A long struggle by Rep. Lois Capps (D-Calif.) to protect an environmental and cultural refuge was brought to a successful conclusion by one of former President Bill Clinton’s final executive actions.

Clinton designated a vast grassland in northern San Luis Obispo County, known as the Carrizo Plain, as a national monument on Tuesday, Jan. 16. The Carrizo Plain, which had previously been under the jurisdiction of the federal Bureau of Land Management (BLM), contains the remnants of the San Joaquin Grasslands, the most visible portion of the San Andreas Fault and a number of Native American cultural sites, according to Capps’ spokesperson Stacey Paxton.

“National monument designation is something the president does. Representative Capps’ bill was to designate a ‘national preservation,’ ” Paxton said. “Under the Bureau of Land Management, the area needed a further designation to protect it from residential homes and oil drilling.”

Despite being designated as a national monument, control of the Carrizo Plain will be shared between federal employees and a local advisory committee, Paxton said.

“This one isn’t controversial. People in the area have been working to protect it. This advisory committee will remain a prominent force. This is not any new concept,” Paxton said. “It will continue to be a partnership with the BLM. The national monument designation provides even greater protection.”

Pete Crowheart, liaison for the Tribal Relations Program of the Los Padres National Forest, said it is important for the federal government to share power with indigenous peoples.

“If you give the land to one group of Native Americans they want to possess it,” Crowheart said. “When it is kind of taken care of by a government agency – the Bureau of Land Management or the Forest Service – they can have different Indian groups share the area.”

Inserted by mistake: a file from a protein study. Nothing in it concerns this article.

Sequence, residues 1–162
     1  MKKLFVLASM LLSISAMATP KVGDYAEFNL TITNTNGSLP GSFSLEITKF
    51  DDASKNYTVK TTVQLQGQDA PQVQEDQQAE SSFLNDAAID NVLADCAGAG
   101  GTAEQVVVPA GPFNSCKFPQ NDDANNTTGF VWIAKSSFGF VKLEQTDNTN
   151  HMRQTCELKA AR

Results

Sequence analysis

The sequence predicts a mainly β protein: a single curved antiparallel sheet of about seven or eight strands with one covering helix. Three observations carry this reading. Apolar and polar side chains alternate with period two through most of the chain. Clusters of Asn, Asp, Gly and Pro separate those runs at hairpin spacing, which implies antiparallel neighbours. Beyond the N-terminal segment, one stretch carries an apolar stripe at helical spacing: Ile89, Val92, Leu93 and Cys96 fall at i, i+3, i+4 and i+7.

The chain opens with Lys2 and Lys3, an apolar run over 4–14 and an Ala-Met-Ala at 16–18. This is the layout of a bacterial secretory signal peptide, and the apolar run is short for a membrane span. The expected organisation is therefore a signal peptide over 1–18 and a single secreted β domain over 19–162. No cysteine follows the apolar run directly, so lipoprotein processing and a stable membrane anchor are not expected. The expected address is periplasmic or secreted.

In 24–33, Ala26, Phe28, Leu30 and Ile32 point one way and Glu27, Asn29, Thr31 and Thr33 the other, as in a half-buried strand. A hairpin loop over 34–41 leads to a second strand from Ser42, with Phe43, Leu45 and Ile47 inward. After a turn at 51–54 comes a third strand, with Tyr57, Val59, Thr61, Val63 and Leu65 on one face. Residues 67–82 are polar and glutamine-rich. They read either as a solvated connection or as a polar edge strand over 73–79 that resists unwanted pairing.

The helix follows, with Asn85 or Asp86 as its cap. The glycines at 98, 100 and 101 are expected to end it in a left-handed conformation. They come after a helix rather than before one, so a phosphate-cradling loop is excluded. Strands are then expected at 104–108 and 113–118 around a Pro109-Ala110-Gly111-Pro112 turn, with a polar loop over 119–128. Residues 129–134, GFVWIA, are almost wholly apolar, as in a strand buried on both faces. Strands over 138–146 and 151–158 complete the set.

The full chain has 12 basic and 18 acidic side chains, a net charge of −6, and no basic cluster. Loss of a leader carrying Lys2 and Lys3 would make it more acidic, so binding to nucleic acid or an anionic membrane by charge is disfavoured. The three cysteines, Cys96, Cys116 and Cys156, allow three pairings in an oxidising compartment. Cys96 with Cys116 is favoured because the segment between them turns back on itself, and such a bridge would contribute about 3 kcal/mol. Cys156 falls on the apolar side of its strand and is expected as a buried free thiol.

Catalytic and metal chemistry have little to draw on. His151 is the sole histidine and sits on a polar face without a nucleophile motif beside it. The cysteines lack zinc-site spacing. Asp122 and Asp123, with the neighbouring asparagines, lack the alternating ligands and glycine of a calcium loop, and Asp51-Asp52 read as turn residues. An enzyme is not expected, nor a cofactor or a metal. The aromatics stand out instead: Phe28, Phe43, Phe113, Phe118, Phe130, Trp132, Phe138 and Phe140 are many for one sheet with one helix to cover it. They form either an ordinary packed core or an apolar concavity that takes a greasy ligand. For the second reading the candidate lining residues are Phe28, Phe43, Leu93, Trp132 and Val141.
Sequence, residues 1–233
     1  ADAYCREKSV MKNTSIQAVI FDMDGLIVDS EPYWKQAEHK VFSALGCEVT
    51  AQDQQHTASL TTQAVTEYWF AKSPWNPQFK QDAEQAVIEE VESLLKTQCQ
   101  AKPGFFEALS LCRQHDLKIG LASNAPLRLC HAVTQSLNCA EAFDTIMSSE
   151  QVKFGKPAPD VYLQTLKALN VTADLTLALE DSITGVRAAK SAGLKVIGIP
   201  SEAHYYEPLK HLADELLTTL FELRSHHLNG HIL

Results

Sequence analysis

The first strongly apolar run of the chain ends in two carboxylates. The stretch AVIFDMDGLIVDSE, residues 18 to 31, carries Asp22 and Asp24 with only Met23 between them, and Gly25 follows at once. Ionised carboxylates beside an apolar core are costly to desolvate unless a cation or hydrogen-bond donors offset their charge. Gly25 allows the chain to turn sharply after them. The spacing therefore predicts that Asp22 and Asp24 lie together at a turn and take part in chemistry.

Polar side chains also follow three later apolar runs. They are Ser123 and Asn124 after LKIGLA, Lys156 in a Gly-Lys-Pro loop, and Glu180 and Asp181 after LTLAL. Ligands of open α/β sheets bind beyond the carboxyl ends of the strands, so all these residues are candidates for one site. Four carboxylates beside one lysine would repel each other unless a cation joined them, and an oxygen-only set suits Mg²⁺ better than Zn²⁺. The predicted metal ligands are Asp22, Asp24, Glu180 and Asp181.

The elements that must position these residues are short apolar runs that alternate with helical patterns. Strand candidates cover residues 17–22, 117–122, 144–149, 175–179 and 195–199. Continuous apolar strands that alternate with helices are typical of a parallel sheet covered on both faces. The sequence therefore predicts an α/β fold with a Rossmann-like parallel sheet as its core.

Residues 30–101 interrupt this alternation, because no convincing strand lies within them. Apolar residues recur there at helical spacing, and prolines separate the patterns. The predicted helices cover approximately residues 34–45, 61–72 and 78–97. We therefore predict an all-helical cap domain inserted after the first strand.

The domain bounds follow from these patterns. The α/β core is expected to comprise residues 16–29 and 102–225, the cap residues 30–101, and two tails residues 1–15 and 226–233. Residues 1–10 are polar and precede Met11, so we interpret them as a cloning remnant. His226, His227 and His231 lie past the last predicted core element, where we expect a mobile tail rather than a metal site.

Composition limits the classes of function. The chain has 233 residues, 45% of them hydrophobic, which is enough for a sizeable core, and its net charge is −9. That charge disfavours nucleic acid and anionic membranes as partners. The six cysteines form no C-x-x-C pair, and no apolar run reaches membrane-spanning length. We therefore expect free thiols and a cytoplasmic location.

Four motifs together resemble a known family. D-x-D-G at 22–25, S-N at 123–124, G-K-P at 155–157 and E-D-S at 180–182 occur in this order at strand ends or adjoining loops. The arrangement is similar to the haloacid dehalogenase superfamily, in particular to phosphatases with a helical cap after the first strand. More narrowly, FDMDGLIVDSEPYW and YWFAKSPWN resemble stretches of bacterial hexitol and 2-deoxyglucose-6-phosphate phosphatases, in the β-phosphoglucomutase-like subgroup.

Legislation to protect the Carrizo Plain was originally drafted by former Rep. Walter Capps (D-Calif.) just before his death in 1997. According to Paxton, Lois Capps introduced her late husband’s legislation in May in a joint effort with Republican legislators.

“Walter Capps first authored the legislation shortly before he died. [Lois Capps] introduced the bill when she was elected,” Paxton said. “It’s something we’ve been working on in a bipartisan effort. Republican Bill Thomas of Bakersfield co-sponsored it.”

Despite bipartisan support, the bill was stalled twice in the congressional committee process in May of 1999 and in September, Paxton added.

“[The bill] had a hearing but never made it to the floor. Often members have to reintroduce a bill several times before it reaches the floor,” Paxton said. “There has been discussion about this sort of bill for a long time. It has almost passed several times.”

Protection of environmentally and culturally sensitive sites like the Carrizo Plain is important to present and future Californians, Isla Vista Recreation and Parks District board member Ariana Katovich said.

“Grasslands in California are rapidly disappearing due to urban sprawl. Every effort on the national and local level is important to sustaining our ecosystems,” Katovich said. “It is important to maintain Native American lands. They are needed to maintain our natural history.”

Crowheart said the national monument designation provides important protection for Native American groups.

“These areas do have a special meaning for Indian peoples. They are used for ceremonial purposes. It’s all very sacred. These sites are put in very special places. This is all we have left in some areas,” Crowheart said. “If they are on government land, it is protected by the BLM. They consult with Native Americans, and they do protect these places. Because of the [national monument] executive order, it is a ‘double whammy’ – there is double protection.”

Despite the transition to President George W. Bush’s administration, a reversal of Clinton’s Carrizo Plain National Monument designation is unlikely because it would require a majority vote in both houses of Congress, Paxton said.

“The designation has been done. Congress doesn’t need to ratify it; it’s part of the president’s power,” Paxton said. “It is possible to reverse the designation, but it requires an act of Congress. That’s just not likely with the current situation.”